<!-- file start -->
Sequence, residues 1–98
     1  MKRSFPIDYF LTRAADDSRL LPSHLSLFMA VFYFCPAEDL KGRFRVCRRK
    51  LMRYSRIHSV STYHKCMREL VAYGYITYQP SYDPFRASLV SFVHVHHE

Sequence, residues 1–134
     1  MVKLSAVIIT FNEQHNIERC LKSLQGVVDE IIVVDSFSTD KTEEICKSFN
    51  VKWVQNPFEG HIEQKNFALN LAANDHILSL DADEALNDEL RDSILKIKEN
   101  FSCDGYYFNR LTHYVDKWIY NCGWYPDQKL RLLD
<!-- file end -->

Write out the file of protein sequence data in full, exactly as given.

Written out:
Sequence, residues 1–98
     1  MKRSFPIDYF LTRAADDSRL LPSHLSLFMA VFYFCPAEDL KGRFRVCRRK
    51  LMRYSRIHSV STYHKCMREL VAYGYITYQP SYDPFRASLV SFVHVHHE

Sequence, residues 1–134
     1  MVKLSAVIIT FNEQHNIERC LKSLQGVVDE IIVVDSFSTD KTEEICKSFN
    51  VKWVQNPFEG HIEQKNFALN LAANDHILSL DADEALNDEL RDSILKIKEN
   101  FSCDGYYFNR LTHYVDKWIY NCGWYPDQKL RLLD